A petrodollar is a dollar earned by a country through the sale of oil. In 1972-74 the US government concluded a series of agreements with Saudi Arabia to support the power of the House of Saud in exchange for accepting only US dollars for its oil. Saudi Arabia has been the largest oil producer and the leader of OPEC. It is also the only member of the cartel that does not have an allotted production quota. It is the ‘swing producer’, meaning that it can increase or decrease oil production to bring oil draught or glut in the world market. As a result of this situation, Saudi Arabia practically determines oil prices. Soon after the agreement with Saudi government, an OPEC agreement accepted this, and since then all oil has been traded in US dollars. Why is this important? Oil is not just the most important commodity traded internationally. It is the lifeblood of all modern economies. If you don’t have oil, you have to buy it, and if you want to buy it on the world markets, you commonly have to purchase it with dollars. Other countries buy and hold dollars like they buy and hold gold because they cannot purchase oil without dollars. This system of the US dollar acting as global reserve currency in oil trade keeps the demand for the dollar ‘artificial’ high. This enables the US to carry out printing dollars at the price of nothing to fund increased military spending and consumer spending on imports. As long as the US has no serious challengers and the other states have confidence in the US dollar the system functions.

This has been the situation and the essential basis for the US economic hegemony since the 1970s. Needless to say, this system enables the US administration to effectively control the world oil market.

So long as OPEC oil was priced in U.S. dollars, and so long as OPEC invested the dollars in U.S. government instruments, the U.S. government enjoyed a double loan. The first part of the loan was for oil. The government could print dollars to pay for oil, and the American economy did not have to produce goods and services in exchange for the oil until OPEC used the dollars for goods and services. Obviously, the strategy could not work if dollars were not a means of exchange for oil. The second part of the loan was from all other economies that had to pay dollars for oil but could not print currency. Those economies had to trade their goods and services for dollars in order to pay OPEC.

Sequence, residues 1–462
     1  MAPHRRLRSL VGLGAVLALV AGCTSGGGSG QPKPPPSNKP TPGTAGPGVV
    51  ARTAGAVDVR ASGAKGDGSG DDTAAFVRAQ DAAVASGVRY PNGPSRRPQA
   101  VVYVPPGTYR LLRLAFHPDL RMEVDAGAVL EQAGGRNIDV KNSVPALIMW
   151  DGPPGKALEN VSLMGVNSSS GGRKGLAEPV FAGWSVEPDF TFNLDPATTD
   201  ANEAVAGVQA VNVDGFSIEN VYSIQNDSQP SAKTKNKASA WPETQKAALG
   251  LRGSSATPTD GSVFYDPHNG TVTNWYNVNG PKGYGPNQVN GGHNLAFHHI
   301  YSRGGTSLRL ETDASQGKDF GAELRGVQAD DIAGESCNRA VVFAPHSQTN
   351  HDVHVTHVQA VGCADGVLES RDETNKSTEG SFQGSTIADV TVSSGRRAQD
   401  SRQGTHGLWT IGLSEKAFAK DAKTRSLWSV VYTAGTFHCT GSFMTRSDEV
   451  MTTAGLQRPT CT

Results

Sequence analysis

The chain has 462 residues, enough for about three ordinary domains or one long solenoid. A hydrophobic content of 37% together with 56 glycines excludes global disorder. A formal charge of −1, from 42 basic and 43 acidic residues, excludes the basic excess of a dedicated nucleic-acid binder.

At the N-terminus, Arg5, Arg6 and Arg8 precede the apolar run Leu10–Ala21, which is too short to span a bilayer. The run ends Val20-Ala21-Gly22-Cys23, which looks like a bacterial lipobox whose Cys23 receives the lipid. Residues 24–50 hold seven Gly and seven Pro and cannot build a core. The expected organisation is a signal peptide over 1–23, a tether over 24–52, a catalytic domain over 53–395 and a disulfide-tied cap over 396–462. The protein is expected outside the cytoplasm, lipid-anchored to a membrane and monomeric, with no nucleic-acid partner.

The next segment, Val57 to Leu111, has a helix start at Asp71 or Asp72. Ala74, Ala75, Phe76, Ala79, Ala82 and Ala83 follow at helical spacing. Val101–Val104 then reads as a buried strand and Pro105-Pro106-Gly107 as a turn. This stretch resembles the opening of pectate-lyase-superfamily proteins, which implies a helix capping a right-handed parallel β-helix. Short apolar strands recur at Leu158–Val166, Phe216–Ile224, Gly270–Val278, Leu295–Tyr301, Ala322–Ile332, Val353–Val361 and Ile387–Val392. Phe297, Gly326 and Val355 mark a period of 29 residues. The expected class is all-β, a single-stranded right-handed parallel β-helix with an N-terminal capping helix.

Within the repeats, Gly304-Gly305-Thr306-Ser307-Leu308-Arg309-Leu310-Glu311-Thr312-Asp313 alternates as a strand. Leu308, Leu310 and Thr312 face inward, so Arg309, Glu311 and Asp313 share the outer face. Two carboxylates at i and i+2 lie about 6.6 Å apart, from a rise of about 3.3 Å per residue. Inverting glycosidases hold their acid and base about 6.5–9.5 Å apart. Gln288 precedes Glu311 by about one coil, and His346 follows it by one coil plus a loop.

While this has produced undeniable benefits for the US political and economic elites, it has left the US economy intimately tied to the dollar’s role as global reserve currency.

With the creation of the euro in late 1999, an entirely new element was added to the global financial system. In just a few years after this, the euro has emerged as a real alternative, establishing itself as the second most important currency in the world’s financial markets. If a significant part of petroleum trade were to use euros instead of dollars, many more countries would have to keep a greater part of their currency reserves in euros. According to a June 2003 HSBC report, even a modest shift away from dollars, or a change in the flow, would create significant changes. The dollar would then have to directly compete with the euro for global capital. Not only would Europe not need dollars anymore, but also Japan, which imports more than 80 percent of its oil from the Middle East, would have to convert most of its dollar assets to euros. The US, too, being the world’s largest oil importer, would have to hold a significant amount of euro reserves. This would be disastrous for American attempts at monetary management.

Today Americans spend 700 billion dollar a year more than they produce, so they have to borrow that 700 billion. This means that in average each US citizen enjoys $3,000 more imported products than he/ she earns. They get this large amount of money from the Central Banks of China, Japan and European countries, because they keep dollar reserves. So the rest of the world are sellers, the Japanese, the Chinese, the EU. The rest of the world invests, produces, exports to the US, and they lend more and more to the US. The increasing fragility of the US economy is underlined by the 2005 report from the IMF. This report pointed out that the US economy is increasingly being supported by what the IMF report called “unprecedented borrowing” from foreigners. The report went on to saying that the US deficit is unsustainable in long-term.

What does all of this have to do with Iraq and Iran?

The 2003 Invasion of Iraq

The interplay between the reserve currency role of the dollar and link with the oil producing countries can be observed in the recent conflict in Iraq. On 6 November 2000, while Americans were distracted by the controversial Florida presidential vote count, the Iraqi government announced that it would revalue its considerable petroleum reserves from dollars to euros – hence launching the so-called ‘secret weapon’ of Iraq. This was the first time an OPEC country dared violate the dollar-price rule. And since then, the value of the euro has increased and the value of the dollar has steadily declined. Libya has been urging for some time that oil be priced in euros rather than dollars, and Iran, Venezuela, and other countries have indicated that they would like to denominate their petroleum in euros. Since the oil trade is a central factor underpinning the dollar’s hegemony, all these are potentially very significant threats to the strength of the US economy, and US global hegemony.